What is also remarkable is the case of Ambrose Bebb, who had in certain aspects been further to the right than Saunders Lewis. With the beginning of the Second World War Bebb came to see things very much as did W.J. Gruffydd. He wanted the Nationalist Party to give Gruffydd a clear run and even its support when he announced that he would be standing as an independent candidate in the by-election of 1943. D. J. Williams agreed, but the party executive decided otherwise. In the event Gruffydd emerged as the Liberal candidate. But the question has been succinctly put by Robin Chapman in his biography of Gruffydd: did the Establishment in the University of Wales adopt Gruffydd, or did he adopt the Establishment? (Using the form of a short story, Trobwynt, which can be read on Blog Glyn Adda, I have offered an interpretation of this deeply divisive by-election.)
Another question which I have asked myself over and over again is whether, had not Saunders Lewis given “hostages to fortune”, as Lord Morgan puts it, and laid his party open to the just or unjust charge of being ‘pro-fascist’ (decidedly unjust in my view), would that party have made speedier and stronger progress? I have tended increasingly towards the answer ‘no’. What Maurras and Barrès stood for, and whether they had influenced Saunders Lewis or not, proved to be of some usefulness to Liberal and Labour ideologues. However, they mattered not the slightest bit to the electorate generally. The going was hard for the nationalist party because it called on the Welsh people to do something that was simply not in them, and to be something that they were not.
The ‘fascist’ charge against Saunders Lewis and his party had two origins. First, it was concocted by the Whig-Mandarin-Unionist establishment, mainly in the University, and came to a climax in 1943. I would largely exonerate Gruffydd from this. He was a radical Liberal, inclining towards anarchism. He was quite unlike the faction which came to adopt him in 1943. They were conservative Liberals, inclined if anything towards socialism.
In the collection of his essays which I have recently edited, Eira Llynedd ac Ysgrifau Eraill (Dalen Newydd, 2013, £15), I have included Gruffydd’s article ‘Mae’r Gwylliaid ar y Ffordd’ (1941) so that today’s reader may judge. His concern, as in nearly all his articles, was “to make myself credible to my fellow-countrymen”, a motive which some of us may see as obsessive. By giving his reading of European politics in this article he simply aims to explain why he, until recently a Vice-President of the Nationalist Party, has come to disagree with its view. The argument is very different from that of the unprincipled mud-slinger Gwilym Davies in the same period.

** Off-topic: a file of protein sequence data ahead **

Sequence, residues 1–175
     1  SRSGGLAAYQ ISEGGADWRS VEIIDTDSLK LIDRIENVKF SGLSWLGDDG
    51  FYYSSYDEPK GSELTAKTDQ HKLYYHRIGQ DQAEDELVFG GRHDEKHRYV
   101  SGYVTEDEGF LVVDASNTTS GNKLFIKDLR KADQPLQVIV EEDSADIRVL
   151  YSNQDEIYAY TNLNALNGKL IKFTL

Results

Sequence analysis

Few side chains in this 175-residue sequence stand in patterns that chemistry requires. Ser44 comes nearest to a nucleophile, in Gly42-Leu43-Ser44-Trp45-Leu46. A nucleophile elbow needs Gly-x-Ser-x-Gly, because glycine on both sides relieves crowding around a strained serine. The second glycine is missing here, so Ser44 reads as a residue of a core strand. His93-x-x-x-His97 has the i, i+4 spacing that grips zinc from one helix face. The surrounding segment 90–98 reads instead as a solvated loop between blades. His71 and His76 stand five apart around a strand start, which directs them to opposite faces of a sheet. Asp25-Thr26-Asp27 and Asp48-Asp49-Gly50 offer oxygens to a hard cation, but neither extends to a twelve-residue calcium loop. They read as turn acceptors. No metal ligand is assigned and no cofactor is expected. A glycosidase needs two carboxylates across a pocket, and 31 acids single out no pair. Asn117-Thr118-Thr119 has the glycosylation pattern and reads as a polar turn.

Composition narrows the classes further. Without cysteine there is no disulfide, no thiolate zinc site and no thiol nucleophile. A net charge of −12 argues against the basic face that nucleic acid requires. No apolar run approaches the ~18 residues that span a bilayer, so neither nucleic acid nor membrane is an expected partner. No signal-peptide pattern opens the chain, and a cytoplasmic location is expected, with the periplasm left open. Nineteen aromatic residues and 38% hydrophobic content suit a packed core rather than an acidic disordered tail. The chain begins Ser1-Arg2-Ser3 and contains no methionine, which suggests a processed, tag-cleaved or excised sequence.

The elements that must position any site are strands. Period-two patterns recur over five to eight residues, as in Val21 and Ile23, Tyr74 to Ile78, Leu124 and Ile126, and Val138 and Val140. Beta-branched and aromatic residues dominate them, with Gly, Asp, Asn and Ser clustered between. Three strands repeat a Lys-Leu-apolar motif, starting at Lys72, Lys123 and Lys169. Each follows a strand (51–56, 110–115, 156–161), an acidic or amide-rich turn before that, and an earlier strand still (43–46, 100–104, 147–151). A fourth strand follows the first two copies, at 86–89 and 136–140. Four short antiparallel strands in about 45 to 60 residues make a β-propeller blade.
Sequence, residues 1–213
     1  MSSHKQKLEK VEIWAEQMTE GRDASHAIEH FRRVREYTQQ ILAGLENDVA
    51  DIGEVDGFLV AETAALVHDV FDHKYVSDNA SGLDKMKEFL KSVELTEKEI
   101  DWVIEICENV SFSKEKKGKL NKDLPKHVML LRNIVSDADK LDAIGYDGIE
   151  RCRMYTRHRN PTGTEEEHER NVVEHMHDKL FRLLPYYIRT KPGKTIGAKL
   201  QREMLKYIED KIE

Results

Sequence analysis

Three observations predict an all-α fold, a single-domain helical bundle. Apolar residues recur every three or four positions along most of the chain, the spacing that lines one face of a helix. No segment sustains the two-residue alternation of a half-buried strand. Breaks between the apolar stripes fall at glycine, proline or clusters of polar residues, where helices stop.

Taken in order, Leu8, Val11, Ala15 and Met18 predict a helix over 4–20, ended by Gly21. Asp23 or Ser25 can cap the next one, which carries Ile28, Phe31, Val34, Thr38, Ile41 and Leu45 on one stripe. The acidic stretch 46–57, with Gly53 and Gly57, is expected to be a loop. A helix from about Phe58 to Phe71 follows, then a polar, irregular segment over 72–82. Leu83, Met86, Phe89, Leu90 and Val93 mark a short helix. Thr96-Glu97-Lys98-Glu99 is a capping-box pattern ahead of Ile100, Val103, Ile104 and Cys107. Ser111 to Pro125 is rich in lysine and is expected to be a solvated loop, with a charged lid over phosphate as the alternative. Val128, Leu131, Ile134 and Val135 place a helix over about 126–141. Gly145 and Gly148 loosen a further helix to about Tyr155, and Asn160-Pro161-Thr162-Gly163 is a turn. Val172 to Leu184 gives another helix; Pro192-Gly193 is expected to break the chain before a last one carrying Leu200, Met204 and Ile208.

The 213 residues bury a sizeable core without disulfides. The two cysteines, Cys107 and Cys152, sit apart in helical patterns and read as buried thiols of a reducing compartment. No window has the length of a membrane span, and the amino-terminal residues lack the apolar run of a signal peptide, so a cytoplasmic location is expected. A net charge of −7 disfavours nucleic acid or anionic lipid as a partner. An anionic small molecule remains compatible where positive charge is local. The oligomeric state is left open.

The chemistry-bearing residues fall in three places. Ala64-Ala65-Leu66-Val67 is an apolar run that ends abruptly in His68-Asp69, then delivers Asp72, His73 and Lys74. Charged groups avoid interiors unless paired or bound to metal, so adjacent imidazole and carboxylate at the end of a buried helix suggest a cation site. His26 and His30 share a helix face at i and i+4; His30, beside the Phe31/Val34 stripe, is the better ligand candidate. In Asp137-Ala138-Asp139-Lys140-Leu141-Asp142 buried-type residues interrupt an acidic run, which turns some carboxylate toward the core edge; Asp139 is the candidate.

The hunt for Welsh Fascists entered a new phase after 1945 as socialist politicians came occasionally to feel, with very little foundation, that their hegemony might be challenged. We can now read, digest and ponder Richard Wyn Jones’s new book, ‘Y Blaid Ffasgaidd yng Nghymru’: Plaid Cymru a’r Cyhuddiad o Ffasgaeth (note especially the quotation marks).
Briefly it may be said that Richard Wyn Jones finds the charge preposterous. Can anyone now, with any seriousness, answer his argument and refute his conclusion? That conclusion, briefly summarised, is that the origin of modern Welsh Fascist-spotting is to be sought in the psychopathology of Welsh Labour.
This tends to lead me increasingly to a wider question. How did it come about that the nicest people one could possibly meet anywhere on earth, the electorate of south-east Wales, has been able to elect with regularity, over eighty years and three generations, the most swinish politicians ever to have disgraced the name of democracy? Readers may, like myself, wish to exclude two or three individuals, four perhaps, from the ghastly gallery. But how do we explain the general phenomenon? What is the catalyst? That is a big question for the Welsh historian.